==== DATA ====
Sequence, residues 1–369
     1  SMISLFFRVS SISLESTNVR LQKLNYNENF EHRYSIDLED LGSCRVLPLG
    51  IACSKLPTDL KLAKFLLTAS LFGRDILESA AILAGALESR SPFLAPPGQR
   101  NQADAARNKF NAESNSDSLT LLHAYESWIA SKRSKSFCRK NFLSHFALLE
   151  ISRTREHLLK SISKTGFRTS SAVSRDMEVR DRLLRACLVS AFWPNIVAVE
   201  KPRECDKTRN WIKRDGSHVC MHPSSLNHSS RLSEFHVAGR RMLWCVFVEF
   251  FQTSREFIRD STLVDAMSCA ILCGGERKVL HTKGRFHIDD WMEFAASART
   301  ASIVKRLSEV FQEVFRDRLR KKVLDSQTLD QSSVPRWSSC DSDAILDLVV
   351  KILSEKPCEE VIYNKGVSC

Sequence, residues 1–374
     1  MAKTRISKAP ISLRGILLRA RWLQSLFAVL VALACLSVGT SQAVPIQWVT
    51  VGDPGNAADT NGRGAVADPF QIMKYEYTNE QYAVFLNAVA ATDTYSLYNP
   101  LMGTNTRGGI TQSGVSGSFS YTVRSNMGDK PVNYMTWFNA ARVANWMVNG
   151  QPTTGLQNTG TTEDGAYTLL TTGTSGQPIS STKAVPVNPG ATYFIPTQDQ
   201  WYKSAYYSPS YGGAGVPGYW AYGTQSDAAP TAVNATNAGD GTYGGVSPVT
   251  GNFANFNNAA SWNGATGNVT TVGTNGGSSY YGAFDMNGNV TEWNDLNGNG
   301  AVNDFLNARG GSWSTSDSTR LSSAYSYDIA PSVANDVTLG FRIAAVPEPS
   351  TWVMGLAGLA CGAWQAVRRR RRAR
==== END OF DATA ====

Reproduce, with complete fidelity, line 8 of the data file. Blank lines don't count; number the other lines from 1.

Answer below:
   301  ASIVKRLSEV FQEVFRDRLR KKVLDSQTLD QSSVPRWSSC DSDAILDLVV